“Even though you don’t see the stockings, we do have these spiderweb stockings, pointy witch shoes,” Eyrich said. “(These are) just things that bring in elements of the dark and the horror of it. Even though in the big picture you might not see it, all the small elements … help the actor tell their story.”

Costume designing for “American Horror Story” is tied to creating suspense, said costume design professor Chrisi Karvonides-Dushenko, who taught Guzzi during her time at UCLA and worked as the costume designer for 11 episodes of “American Horror Story: Murder House.” Karvonides-Dushenko said her designs played into the mystery of the first season, in which some characters were ghosts. She said she used layering of chiffon, lace and translucent material in certain outfits to give the characters the appearance of a phantom.

“There’s this fine line. They shouldn’t look like zombies from the second you see them,” Karvonides-Dushenko said. “There’s this tension of wondering: Who is a ghost and who isn’t?”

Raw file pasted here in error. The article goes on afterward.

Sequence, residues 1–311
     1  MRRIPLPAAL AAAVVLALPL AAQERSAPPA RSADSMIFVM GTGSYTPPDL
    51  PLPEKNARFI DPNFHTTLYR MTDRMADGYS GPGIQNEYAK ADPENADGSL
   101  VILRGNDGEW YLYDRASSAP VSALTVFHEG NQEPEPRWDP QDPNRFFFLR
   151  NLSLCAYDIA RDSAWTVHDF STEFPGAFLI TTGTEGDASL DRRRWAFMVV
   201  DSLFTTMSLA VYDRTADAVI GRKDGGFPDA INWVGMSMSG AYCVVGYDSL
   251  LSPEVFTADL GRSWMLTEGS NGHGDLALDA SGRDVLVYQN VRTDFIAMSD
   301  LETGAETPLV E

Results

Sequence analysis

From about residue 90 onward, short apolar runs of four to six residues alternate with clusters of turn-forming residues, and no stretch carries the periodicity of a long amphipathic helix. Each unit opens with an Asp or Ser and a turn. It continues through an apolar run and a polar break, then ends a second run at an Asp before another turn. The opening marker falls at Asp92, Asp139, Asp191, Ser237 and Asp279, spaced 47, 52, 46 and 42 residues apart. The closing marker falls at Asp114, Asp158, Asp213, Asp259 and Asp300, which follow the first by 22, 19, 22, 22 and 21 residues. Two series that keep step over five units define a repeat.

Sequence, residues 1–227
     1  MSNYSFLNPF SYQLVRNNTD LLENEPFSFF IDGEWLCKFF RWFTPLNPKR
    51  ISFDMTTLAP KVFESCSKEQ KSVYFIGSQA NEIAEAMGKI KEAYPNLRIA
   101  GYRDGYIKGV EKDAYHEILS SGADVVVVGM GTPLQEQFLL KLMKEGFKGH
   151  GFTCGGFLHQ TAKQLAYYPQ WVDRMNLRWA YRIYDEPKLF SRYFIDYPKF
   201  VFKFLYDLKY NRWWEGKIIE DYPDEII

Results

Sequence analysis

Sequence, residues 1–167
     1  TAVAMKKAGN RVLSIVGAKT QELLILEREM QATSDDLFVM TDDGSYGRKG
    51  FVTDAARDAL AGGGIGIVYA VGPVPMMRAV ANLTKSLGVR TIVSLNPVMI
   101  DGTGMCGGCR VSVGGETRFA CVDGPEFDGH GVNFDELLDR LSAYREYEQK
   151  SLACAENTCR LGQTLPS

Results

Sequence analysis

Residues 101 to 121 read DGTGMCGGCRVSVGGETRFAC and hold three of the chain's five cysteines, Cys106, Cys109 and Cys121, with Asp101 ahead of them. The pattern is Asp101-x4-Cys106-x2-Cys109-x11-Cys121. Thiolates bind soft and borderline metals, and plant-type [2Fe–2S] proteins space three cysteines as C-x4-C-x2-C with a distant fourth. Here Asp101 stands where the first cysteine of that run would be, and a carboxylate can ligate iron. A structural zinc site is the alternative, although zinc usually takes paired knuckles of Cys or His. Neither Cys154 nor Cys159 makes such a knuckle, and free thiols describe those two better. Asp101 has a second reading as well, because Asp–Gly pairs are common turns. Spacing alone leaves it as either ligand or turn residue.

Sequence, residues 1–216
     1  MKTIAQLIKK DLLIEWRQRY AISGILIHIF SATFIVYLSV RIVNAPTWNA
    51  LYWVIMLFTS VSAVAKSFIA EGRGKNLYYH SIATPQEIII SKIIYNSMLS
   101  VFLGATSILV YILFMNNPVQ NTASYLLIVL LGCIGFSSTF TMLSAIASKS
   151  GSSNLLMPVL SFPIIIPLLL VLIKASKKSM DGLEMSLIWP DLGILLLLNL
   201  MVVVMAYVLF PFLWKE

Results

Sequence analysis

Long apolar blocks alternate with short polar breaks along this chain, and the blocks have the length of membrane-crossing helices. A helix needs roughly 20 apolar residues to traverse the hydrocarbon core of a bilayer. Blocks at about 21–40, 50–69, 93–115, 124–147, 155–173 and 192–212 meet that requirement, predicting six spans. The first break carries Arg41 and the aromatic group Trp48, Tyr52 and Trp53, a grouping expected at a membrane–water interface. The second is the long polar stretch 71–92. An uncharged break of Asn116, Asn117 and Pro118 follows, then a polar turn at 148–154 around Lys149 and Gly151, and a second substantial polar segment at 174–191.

Karvonides-Dushenko said the work of the costume department is only part of a larger teamwork with other departments, from the collaboration with actors to balancing colors with the production designers. Guzzi said her experience working on “American Horror Story” has been very fast-paced yet fulfilling through collaborating with others in the production. While her work supports the vision of the main designers, she still finds moments of attachment and pride in the costumes, she said.

“Every time that I watch the episode, you never know if (the costume) is going to make it until you see it on camera, so whenever I see it … I’m like, ‘Oh, that’s the t-shirt I found or the jacket I found!’” Guzzi said. “It is this little piece of happiness.”